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Edited Transcript of COLB.OQ earnings conference call or presentation 30-Apr-20 5:00pm GMT

Q1 2020 Columbia Banking System Inc Earnings Call

Tacoma Jun 23, 2020 (Thomson StreetEvents) -- Edited Transcript of Columbia Banking System Inc earnings conference call or presentation Thursday, April 30, 2020 at 5:00:00pm GMT

TEXT version of Transcript

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Corporate Participants

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* Andrew L. McDonald

Columbia State Bank - Chief Credit Officer & Executive VP

* Christopher M. Merrywell

Columbia Banking System, Inc. - COO & Executive VP

* Clint E. Stein

Columbia Banking System, Inc. - CEO, President & Director

* Eric J. Eid

Columbia Banking System, Inc. - Executive VP and Chief Digital & Technology Officer

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Conference Call Participants

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* Gordon Reilly McGuire

Stephens Inc., Research Division - Research Analyst

* Jacquelynne Chimera Bohlen

Keefe, Bruyette, & Woods, Inc., Research Division - MD, Equity Research

* Jeffrey Allen Rulis

D.A. Davidson & Co., Research Division - Senior VP & Senior Research Analyst

* Jon Glenn Arfstrom

RBC Capital Markets, Research Division - MD of Financial Services Equity Research & Analyst

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Presentation

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Operator [1]

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Ladies and gentlemen, thank you for standing by. Welcome to the Columbia Banking System First Quarter 2020 Earnings Conference Call. (Operator Instructions) As a reminder, this conference is being recorded. I would now like to turn the call over to your host, Clint Stein, President and Chief Executive Officer of Columbia Banking System.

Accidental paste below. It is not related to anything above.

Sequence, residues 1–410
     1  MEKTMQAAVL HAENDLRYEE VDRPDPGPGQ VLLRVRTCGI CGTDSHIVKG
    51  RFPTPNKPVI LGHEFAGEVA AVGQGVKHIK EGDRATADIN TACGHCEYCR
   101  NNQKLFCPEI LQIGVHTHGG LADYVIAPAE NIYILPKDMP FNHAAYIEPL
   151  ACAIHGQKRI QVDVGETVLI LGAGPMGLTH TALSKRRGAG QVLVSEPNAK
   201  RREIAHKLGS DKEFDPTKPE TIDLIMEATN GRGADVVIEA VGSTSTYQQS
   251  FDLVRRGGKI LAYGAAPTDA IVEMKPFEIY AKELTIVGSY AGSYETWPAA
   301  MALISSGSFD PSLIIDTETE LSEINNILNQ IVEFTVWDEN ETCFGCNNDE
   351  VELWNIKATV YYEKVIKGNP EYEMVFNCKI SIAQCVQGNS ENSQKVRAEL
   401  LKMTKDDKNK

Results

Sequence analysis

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Clint E. Stein, Columbia Banking System, Inc. - CEO, President & Director [2]

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Thank you, Tamera. Good morning, everyone, and thank you for joining us on today's call as we review our first quarter results, which we released before the market opened this morning. The earnings release is also available at columbiabank.com.

I want to begin the call today by thanking our 2,200 bankers who, despite tremendous disruption to their professional and personal lives, have joined together to support each other and serve our customers, communities and shareholders as the COVID-19 pandemic has evolved. The Puget Sound region entered into the pandemic earlier than other parts of the U.S., with the first coronavirus death reported on February 29. We developed a detailed pandemic plan many years ago and most recently tested it through a bank-wide exercise in December of 2018. It's a phased plan, and we began to execute against the first phase in early January. Since then, we've continued to follow our plan, proactively planning for additional escalation at predetermined trigger points.

Early on, our bankers were in direct communication with our clients to understand their individual challenges and work through options to provide relief for their businesses and families. We are a community bank at heart, and I believe that our bankers' empathy, compassion and support has and will continue to be our most valuable currency.

Columbia Bank is well positioned to handle the impact of COVID-19 and its ensuing market disruptions. This is different from the Great Recession of 2008 and 2009 in that it's not a financial crisis but a public health crisis with serious economic ramifications that are still evolving. The strength of our balance sheet, credit profile, liquidity and capital position, along with our proactive interest rate risk strategies and sensible expense management will serve us well as we weather the economic consequences of COVID-19.

We started off the year with tremendous momentum, and you can see the impact throughout our financial statement line items. EPS declined by $0.44 on a linked quarter basis due to the related credit loss provision expense of $41.5 million. On a preprovision basis, this was the fifth best quarter in our history in what is typically our seasonally weakest quarter. While net income and EPS were significantly impacted by the CECL provision expense, our bankers remained outwardly focused and produced strong loan and deposit growth during the quarter while reducing noninterest expenses. Absent the impact of COVID-19, it would have been an outstanding quarter.

On the call with me today are Eric Eid, who until this past Monday was our interim Chief Financial Officer; Chris Merrywell, our Chief Operating Officer; and Andy McDonald, our Chief Credit Officer. Following our prepared remarks, we'll be happy to answer your questions.